“I remember learning the Easter Rising as a school boy, awe-struck and filled with pride. While back then the year 2016 seemed a fiction away, I now stand on the threshold still awe-struck and filled with pride.
I started out with a need to update the 1916 images I had known since I was a kid. The faces I admired for so long had become jaded in my eyes; they had been re-hashed continually in books and posters to the point where I couldn’t see them anymore. Using a palette of Prussian Blue and Burnt Sienna I have attempted to give the collection a unifying thread to tie them together. Each original photograph was completely different to the next; some were considered studio portraits and others taken on the fly. I decided not to trace from the photos but to process them through my own eyes, head and hand. I was trading “accuracy” for a chance to really commune with these faces until they started to become people again.”

Pádraig Pearse
Pádraig Pearse

“Those who know my landscape work might be forgiven for thinking I have made a radical side-step with this collection. On one had I have done just that, but on the other it’s just me going back to my roots. I have never considered myself a portrait artist, as there many who look after end of things so much proficiently than I ever will. I admire and enjoy their work.
From day one I have drawn by that primitive artistic urge to work with the head, face and figure. I guess it’s just that eternal fascination with the human condition. Indeed, during my early years in Düsseldorf the human condition featured heavily in a long series on paintings examining the Troubles. So the “1916 Portrait Collection” is very much a continuation of those, themes held on pause for a while, rather than a surprise anthology from left field.”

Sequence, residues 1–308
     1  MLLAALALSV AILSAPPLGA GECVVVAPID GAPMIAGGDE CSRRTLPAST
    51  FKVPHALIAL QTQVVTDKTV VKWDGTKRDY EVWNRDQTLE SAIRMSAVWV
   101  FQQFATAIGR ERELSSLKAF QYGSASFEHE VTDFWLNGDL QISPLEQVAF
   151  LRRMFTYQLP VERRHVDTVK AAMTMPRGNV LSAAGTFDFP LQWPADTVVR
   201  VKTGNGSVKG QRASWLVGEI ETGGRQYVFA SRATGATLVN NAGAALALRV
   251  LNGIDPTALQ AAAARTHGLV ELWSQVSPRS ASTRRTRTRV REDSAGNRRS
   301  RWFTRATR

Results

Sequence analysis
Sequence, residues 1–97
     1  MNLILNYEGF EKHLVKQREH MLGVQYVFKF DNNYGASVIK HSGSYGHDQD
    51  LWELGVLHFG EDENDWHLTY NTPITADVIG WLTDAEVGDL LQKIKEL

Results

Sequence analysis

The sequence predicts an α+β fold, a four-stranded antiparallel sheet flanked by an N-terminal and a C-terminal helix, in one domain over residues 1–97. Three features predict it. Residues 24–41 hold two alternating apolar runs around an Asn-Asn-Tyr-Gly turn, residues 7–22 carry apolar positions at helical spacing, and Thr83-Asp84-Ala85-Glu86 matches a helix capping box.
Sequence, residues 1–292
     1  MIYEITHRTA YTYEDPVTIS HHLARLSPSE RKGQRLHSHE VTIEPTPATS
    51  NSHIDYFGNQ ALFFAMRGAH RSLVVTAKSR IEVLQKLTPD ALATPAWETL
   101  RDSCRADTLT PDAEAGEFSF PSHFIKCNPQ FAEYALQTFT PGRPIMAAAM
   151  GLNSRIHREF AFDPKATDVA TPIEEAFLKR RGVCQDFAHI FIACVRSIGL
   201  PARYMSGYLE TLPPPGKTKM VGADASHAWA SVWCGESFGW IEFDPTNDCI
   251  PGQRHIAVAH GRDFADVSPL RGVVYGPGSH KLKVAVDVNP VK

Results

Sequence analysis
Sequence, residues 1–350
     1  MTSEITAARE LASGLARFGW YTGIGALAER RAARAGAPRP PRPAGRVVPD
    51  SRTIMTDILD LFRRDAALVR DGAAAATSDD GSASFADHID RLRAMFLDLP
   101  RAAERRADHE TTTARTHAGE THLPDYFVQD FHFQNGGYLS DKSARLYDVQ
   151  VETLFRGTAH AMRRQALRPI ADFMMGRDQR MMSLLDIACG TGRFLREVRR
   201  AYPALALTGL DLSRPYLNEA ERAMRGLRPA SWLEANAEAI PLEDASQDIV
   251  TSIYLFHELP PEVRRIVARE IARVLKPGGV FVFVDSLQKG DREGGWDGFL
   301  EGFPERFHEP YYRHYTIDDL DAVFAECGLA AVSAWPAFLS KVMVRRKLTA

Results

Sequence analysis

Rod paints 1916 Collection
Rod paints 1916 Collection

Creating the “1916 Portrait Collection” has been a steep learning curve for me. Not only was I forced to go back a re-read my history but I was obliged to drag my mindset into the twenty-first century. Ireland was a very different place when I learned about the Easter Rising in the early nineteen eighties. I never thought to question why apart from Countess Markievicz there appeared have been no women named in connection with 1916. And it was with the same school boys’ eyes that I started out on this project. Yet as I delved deeper I realised so many names had been left out of the script, and indeed Elisabeth O’Farrell had been airbrushed out altogether. So for my small part I have attempted to right some wrongs and adjust my twentieth century dinosaur brain to something more fitting to the new millennium. Thus, I have included many of the 1916 heroines and consciously airbrushed Elisabeth O’Farrell back into the picture.” – Rod Coyne.

Nurse O'Farrell work in progress
Nurse O’Farrell work in progress

The Easter Rising of 1916 was pivotal to the emergence of an independent Ireland. Only supported by a minority of the Irish population, the courage and sacrifice of those who led it would in time change their nation’s destiny. The story of how less than two thousand Irish men and women bravely confronted the might of the British army in Dublin remains one of the most compelling in Irish history.